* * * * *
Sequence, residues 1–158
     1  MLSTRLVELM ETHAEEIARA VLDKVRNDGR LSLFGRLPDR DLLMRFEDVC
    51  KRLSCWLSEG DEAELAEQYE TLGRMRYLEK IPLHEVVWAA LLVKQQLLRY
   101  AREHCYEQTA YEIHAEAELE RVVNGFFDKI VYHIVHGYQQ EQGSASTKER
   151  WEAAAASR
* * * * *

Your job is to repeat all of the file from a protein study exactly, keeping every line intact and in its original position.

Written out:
Sequence, residues 1–158
     1  MLSTRLVELM ETHAEEIARA VLDKVRNDGR LSLFGRLPDR DLLMRFEDVC
    51  KRLSCWLSEG DEAELAEQYE TLGRMRYLEK IPLHEVVWAA LLVKQQLLRY
   101  AREHCYEQTA YEIHAEAELE RVVNGFFDKI VYHIVHGYQQ EQGSASTKER
   151  WEAAAASR